Why is Africa important to Brazil?

Brazil is rapidly turning into a strong global player. This is due to its determination to become a South American giant, as well as high expectations with regard to the country's projected economic growth (O'Neill, 2003). Hence, it is understandable that Brazil seeks to increase its international profile.

Africa is a clear example of how Brazil has striven to reach out beyond its region, especially since the government of President Luiz Inacio Lula Da Silva (2003-2011) when trade relations with African countries were strongly promoted. Brazil is the Latin American country with the strongest and deepest historical and cultural ties with Africa, with some policies dating back to the 1960s.

Brazil's attempt to secure a permanent seat at the UN Security Council has prompted it to design a specific diplomacy for the African continent, based on multiple interests. It was, for instance, the main driver behind the push to design a Mercosur negotiating agenda for African countries. So far, both regions have concluded two agreements, one with Egypt and the other with SACU (Southern Africa Customs Union).

Brazil has also increased its investments in Africa through large private and state-owned companies, as well as furthered cooperation and extended more credit lines through the Brazilian Bank of Development. The country has strengthened its presence in Africa through opening new diplomatic missions in the region. In 2006, it co-chaired the first Africa-South America Summit (held in Abuja, Nigeria), coordinating actions with India and South Africa.

Exploiting the cultural advantage

Brazil enjoys an important "cultural advantage" in comparison to China, Russia or India, especially in Portuguese-speaking Africa. The relevance of a common language is particularly clear in the case of Angola and Mozambique, but Portuguese is also the official language of Cape Verde, Guinea Bissau and Sao Tome and Principe. These nations belong to the Community of Portuguese Speaking Countries, where Brazil frequently organises workshops, seminars and other training actions.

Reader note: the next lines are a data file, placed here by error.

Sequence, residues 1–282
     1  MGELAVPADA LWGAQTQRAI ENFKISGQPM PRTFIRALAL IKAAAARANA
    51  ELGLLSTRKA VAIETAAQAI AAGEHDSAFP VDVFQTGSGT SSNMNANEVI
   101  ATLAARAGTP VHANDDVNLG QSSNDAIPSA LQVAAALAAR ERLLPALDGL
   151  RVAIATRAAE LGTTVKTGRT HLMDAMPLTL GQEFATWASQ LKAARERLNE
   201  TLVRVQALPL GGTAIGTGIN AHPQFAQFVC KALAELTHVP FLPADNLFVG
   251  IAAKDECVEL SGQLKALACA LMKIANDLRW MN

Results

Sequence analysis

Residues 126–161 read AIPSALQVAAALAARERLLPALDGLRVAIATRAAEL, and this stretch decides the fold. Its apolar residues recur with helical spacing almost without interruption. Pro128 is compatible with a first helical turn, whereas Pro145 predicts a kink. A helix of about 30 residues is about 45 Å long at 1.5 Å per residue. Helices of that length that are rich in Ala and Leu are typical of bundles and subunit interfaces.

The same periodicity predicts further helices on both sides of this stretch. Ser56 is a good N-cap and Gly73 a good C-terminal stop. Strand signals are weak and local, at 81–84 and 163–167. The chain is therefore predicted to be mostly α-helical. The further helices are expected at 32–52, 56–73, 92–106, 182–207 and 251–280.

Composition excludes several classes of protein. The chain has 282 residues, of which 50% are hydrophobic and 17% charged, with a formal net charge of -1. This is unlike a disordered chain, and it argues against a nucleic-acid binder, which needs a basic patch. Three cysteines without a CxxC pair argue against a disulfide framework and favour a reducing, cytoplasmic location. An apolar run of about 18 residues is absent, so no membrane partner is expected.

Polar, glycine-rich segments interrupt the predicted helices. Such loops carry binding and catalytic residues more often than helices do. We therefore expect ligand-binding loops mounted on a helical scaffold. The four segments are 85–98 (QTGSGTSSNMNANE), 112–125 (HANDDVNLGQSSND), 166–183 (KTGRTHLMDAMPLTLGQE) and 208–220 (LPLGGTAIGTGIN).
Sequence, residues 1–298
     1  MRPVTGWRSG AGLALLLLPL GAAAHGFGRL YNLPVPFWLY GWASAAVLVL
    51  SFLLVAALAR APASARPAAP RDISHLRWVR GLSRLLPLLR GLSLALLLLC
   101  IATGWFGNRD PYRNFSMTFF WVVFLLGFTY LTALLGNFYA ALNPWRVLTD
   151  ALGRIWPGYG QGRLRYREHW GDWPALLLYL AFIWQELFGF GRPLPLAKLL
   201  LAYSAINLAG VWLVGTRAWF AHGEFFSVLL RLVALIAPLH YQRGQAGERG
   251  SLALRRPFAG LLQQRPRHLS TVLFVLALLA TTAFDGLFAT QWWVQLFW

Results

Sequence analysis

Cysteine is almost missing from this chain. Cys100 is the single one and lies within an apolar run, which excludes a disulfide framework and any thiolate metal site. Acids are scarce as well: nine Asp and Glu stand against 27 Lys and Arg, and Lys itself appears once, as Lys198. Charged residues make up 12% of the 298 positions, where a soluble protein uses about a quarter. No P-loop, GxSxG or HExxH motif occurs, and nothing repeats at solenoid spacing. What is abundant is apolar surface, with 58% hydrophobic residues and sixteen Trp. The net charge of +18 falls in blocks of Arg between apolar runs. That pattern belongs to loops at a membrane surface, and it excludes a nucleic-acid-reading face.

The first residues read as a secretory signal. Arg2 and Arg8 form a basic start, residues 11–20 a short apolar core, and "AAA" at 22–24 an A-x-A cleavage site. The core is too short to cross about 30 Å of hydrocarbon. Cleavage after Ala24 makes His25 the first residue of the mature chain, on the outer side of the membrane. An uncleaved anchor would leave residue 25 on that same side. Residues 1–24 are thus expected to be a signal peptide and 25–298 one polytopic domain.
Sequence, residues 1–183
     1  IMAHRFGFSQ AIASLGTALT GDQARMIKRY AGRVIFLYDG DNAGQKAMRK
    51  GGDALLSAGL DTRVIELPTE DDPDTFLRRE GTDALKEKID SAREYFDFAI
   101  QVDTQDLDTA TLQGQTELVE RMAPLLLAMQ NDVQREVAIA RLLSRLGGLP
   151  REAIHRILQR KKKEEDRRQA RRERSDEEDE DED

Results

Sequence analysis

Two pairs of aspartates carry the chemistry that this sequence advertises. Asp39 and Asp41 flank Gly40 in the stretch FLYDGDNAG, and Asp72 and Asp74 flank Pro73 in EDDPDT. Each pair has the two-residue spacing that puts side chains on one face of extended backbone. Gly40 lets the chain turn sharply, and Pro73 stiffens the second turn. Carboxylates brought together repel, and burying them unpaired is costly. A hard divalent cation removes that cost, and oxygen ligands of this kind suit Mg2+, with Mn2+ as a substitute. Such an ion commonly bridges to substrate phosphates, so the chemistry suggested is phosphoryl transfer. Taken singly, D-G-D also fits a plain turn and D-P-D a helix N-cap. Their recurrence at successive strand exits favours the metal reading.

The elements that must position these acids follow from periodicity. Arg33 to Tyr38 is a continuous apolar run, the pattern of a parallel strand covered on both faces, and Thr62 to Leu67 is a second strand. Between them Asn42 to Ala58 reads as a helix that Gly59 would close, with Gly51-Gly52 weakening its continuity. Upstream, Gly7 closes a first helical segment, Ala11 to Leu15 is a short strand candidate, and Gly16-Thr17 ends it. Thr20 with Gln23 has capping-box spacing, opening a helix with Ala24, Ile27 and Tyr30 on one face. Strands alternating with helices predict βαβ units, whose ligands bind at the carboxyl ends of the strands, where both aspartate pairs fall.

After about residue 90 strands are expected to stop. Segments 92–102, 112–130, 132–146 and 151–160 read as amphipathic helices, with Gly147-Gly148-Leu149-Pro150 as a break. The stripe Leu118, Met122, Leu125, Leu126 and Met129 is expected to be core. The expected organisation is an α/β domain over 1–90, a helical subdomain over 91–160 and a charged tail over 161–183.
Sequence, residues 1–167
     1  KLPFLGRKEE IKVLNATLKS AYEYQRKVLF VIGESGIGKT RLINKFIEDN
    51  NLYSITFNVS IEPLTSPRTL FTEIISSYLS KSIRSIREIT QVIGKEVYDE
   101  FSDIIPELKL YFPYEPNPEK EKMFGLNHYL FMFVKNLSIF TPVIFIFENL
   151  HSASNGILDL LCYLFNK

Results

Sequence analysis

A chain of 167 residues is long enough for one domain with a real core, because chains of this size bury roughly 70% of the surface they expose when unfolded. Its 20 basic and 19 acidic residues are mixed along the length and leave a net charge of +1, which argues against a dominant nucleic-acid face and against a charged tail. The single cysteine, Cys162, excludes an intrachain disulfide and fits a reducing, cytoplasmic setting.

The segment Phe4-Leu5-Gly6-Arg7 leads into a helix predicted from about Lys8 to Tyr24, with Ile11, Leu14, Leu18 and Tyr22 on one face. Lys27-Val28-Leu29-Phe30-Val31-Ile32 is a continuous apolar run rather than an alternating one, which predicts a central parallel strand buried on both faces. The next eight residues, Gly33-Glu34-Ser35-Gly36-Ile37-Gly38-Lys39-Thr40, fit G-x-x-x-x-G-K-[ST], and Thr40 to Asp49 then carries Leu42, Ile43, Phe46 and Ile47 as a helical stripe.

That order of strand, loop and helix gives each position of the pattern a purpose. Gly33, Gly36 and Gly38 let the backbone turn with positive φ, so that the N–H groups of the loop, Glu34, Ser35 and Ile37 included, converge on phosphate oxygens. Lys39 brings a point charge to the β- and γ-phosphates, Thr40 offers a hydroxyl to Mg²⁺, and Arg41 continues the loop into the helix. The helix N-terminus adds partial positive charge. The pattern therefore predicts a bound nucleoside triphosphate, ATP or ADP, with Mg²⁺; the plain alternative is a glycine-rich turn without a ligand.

In the past few years, Brazil has undertaken around 200 cooperation projects with African countries in areas ranging from agricultural research to medicine and technical cooperation, among others. These activities are mostly focused on Portuguese-speaking countries.

Brazil enjoys a particularly strong presence in Angola, where companies such as Odebrecht actively participate in housing projects designed by the Angolan government. Among other examples, the Vale Company has invested more than US$2 billion in a coal mine in Mozambique.

A number of Brazilian dignitaries have visited Portuguese-speaking Africa in recent years. Minister of Foreign Relations Celso Amorim travelled to Luanda in 2003, accompanied by a large number of businessmen. President Lula also paid a visit to Angola that same year, and soon after that the Brazilian National Bank opened a branch there. Petrobras (Brazilian National Petroleum Co.) increased its operations in Angola and the Brazilian Development Bank subscribed additional credits. In 2007, President Lula revisited Angola and a delegation of Brazilian senators followed suit a year later.

Competing with China

Despite these initiatives, Chinese investments in Angola and Mozambique still outstrip Brazil's commercial efforts. According to the Chinese Development Bank, the country's investment in Angola (third petroleum producer in Africa) already stands at US$10 billion. A further US$15 billion is expected to be invested in infrastructure projects in Mozambique.

To counter China's growing economic clout in the continent, Brazil is betting on the cultural bond with Africa, especially in countries where speaking Portuguese confers an advantage.

Brazil also aspires to be seen as respectful of the environment while trying at the same time to be transparent about international bids and licenses in Africa, where chronic high levels of corruption and lack of transparency constitute the most dangerous hazard for development.

In an attempt to differentiate themselves from the practices of Chinese enterprises - often criticised for flouting African countries' environmental and labour laws - Brazilian companies have signed up to a code of conduct and ethics. They also make a point of employing African workers at a time when most Chinese companies operating on the continent are increasingly importing their labour force directly from China. Despite these efforts, some Brazilian projects have encountered criticism with regard to their labour and environmental record.


The authors are researchers at the Department of International Business and Integration Studies (DNII), Business School, Catholic University of Uruguay

Argentina, Brazil, Paraguay and Uruguay; excepting Venezuela, which joined the bloc only in July 2012.